- Craftsmanship workshop: Learn about the craft making. (N$150.00 per person)
We knew Charlie needed a good servicing. So, on our way from Rundu to Namushasha we decided we’d make a morning stop in Rundu and have him properly looked at… operating on Africa time, we left Rundu seven hours later. It was around 5:00 p.m. and we had four hours of driving ahead of us. Little did we know that our drive would coincide with the start of the rainy season.
Driving at night is not recommend in Africa, but we ran into this unavoidable situation anyways. We drove through the Caprivi Strip National Park at night in torrential rains with “elephant crossing” warnings every 5 kilometers. It was late in the night by the time we arrived at the Namushasha River Lodge, but thankfully we made it in one piece.
We had the foresight to have called the lodge in advance and warned them of our late arrival. The lodge was kind enough to put us up in their honeymoon room, which was about three times the size of our old NYC apartment. There was a full meal waiting for us at our private table to enjoy as well!
The next morning we awoke to vervet monkeys outside and views of a Zambezi river plain. Of our entire tour of Namibia Namushasha offered the most amazing views. In this lush setting, we could see herds of various antelopes running across through flood plains and crocodiles lazily cruising down the river in search of lunch.
There was also a diverse birdlife here as well. We saw a variety of birds from the comfort and privacy of our back porch set high in the trees. From here we were able to take in a variety of activities. Visitors to the lodge have the option of evening game cruises down the river in a boat, a visit to a cultural center, or a game drive in the neighboring Bwabwata National Park.
How is the Caprivi section part of Namibia?
The story comes in the form of a bit of a scam if you ask me. The German Chancellor Leo Von Caprivi was looking for a water route to link Southwestern German Africa (Namibia) with the Indian Ocean where they had colonial rights to Zanzibar (Tanzania). Legendary explorer Cecil Rhodes knowing of Victoria Falls sold Caprivi the rights for an impossible river passage to the Indian Ocean.
Where we didn’t go in Namibia.
A month in the country felt too short. Traveling long-term means blasting through to each place with only a day or two. This would prove to be absolutely exhausting and not fun. While some may cover more ground in a shorter amount of time we cannot. Here are the places of note to visit when planning your trip that we failed to cover.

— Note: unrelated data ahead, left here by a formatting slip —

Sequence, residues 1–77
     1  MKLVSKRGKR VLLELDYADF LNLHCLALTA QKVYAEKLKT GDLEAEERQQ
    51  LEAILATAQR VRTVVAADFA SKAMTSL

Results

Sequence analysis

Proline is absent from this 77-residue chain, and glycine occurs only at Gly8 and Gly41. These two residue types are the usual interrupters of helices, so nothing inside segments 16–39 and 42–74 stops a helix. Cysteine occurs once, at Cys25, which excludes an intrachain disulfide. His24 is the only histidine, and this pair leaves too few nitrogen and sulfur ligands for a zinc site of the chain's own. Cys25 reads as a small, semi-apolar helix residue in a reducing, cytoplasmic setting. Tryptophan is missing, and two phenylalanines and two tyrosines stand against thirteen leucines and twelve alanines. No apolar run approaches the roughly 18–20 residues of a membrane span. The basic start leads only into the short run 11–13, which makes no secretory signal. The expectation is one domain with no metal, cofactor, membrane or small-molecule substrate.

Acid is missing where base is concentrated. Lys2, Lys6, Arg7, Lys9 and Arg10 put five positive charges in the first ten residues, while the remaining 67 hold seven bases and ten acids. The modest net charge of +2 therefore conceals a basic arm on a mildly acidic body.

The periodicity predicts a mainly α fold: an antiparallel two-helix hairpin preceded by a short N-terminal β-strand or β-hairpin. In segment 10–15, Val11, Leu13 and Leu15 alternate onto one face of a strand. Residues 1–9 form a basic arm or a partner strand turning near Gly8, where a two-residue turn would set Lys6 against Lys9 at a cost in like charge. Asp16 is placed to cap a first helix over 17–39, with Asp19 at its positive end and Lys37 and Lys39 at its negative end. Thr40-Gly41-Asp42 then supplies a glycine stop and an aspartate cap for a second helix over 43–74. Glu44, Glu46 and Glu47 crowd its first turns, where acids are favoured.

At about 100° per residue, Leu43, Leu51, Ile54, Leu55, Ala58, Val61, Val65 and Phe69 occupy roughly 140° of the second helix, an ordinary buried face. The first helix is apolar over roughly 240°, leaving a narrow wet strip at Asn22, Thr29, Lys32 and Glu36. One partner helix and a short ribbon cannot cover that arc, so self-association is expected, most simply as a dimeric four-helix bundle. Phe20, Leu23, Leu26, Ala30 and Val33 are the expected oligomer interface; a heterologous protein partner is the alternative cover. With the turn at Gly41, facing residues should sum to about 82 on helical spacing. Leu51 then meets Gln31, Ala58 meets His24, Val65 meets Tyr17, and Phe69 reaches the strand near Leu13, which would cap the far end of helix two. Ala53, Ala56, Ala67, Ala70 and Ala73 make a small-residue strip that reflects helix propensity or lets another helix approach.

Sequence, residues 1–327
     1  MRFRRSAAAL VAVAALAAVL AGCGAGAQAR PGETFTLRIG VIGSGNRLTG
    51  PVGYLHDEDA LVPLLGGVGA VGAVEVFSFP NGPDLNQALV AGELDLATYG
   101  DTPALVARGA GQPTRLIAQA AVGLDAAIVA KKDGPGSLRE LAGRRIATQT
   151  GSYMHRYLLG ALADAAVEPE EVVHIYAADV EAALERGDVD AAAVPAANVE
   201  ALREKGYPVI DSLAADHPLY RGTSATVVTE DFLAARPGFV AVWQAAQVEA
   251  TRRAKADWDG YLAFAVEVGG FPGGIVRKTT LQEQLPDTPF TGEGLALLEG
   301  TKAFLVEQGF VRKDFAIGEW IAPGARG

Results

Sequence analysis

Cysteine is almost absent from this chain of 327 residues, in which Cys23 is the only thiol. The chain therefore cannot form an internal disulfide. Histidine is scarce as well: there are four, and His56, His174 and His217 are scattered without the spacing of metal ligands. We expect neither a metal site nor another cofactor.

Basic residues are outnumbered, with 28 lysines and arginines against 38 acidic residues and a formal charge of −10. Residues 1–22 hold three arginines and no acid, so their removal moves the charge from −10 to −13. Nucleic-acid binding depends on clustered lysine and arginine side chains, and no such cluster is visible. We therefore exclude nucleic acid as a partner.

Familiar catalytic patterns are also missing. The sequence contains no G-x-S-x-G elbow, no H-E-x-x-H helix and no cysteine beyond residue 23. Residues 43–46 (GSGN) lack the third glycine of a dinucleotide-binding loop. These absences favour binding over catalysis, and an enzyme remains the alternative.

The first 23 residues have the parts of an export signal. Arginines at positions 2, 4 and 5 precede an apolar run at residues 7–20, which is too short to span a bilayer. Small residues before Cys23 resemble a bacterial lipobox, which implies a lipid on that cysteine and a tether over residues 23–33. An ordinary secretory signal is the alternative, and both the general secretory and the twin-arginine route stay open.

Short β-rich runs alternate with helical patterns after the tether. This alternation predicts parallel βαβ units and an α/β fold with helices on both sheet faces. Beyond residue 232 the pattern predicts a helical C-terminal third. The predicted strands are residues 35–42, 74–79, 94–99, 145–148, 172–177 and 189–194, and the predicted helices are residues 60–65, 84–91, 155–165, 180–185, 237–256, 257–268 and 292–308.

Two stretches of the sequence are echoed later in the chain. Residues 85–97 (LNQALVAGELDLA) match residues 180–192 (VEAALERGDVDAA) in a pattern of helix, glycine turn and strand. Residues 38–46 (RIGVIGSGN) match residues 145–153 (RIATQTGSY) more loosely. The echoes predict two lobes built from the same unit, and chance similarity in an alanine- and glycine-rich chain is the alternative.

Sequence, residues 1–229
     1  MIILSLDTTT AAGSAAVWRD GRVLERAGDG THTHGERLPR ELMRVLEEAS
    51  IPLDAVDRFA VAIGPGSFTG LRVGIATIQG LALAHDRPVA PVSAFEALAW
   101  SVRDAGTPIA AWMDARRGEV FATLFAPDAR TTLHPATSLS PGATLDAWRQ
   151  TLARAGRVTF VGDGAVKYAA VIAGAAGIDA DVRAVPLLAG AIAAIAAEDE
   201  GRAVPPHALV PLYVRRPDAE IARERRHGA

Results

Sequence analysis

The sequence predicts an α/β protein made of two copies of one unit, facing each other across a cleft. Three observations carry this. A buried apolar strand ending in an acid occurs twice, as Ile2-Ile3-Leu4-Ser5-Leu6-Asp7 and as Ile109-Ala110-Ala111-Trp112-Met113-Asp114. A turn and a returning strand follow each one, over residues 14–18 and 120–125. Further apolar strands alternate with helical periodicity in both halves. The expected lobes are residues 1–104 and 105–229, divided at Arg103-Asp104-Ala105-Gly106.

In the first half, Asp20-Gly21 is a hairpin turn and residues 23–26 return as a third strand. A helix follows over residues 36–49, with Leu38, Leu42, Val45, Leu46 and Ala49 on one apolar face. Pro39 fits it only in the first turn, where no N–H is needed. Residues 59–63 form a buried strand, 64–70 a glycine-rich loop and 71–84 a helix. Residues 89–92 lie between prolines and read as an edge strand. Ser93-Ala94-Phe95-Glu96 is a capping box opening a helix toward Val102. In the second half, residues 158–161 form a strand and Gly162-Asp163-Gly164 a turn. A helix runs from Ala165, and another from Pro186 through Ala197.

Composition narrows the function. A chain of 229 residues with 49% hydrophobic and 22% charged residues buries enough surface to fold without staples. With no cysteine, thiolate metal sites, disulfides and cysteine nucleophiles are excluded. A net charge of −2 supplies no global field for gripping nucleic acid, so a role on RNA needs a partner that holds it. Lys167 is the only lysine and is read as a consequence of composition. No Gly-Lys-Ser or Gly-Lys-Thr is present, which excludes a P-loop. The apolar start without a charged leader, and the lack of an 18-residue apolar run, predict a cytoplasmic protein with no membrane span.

- Northwestern Namibia
- Northern Skeleton Coast
- Quiver Tree Forest
- Waterberg Plateau
Quick Help to Northern Namibia
- Capital: Windhoek
- Currency: The Namibian Dollar, equivalent to the South African Rand
- Borders are hassle free for self-drivers.
- Self-Driving is the most popular way of getting around Namibia. Distances are great and petrol stations are scarce so buy a map and plan accordingly.
- We were able to get around with credit card for a majority of our time in Namibia.
- Most roads around the country are in very good condition, however, expect corrugation and some bumpy rides.
- Visitors will be able to get by just fine with English in Namibia. We found most Namibians to be exceptionally friendly.
- We experienced no bribes, hassles, or police corruption in the country during our month in the country.
- We felt very safe traveling in Namibia. We did not go to Windhoek as we felt we didn’t need to see another big city.
- Visitors will be able to get just about anything they need in Swakopmund and Windhoek. Don’t expect common amenities in many of the other towns.
- MTC and TN Mobile are the two main cell phone providers in the country. We received a promotion for 1.3 GB of data for $N40 for one week with TN Mobile Jiva Surfer. Cell phone service was only available in towns and cities.
- We felt that Namibia was very “western” feeling and felt much like South Africa. It wasn’t until we got into Damaraland and then the Caprivi region that we felt we were in Africa.
- It is not recommended to drive at night in Namibia. Especially in the north where there are cattle, goats, and donkey grazing on the roads.
Book A Safari in Namibia
Traditionally if you wanted to book a safari you’d have to go to a travel agent and have them book your safari for you. They made suggestions for camps and lodges then presented you with a large bill. Most of the industry still operates in this fashion.
However, Timbuktu is a new platform that allows you to select the lodges you’d like and see the pricing per day that way you can select the best itinerary for yourself. They will then contact the lodges and help you through booking your safari. With experts on staff, they can also provide suggestions and arrange the little details much like a travel agent.
Check Out Some Lodges in Namibia
Wolwedans Dune Lodge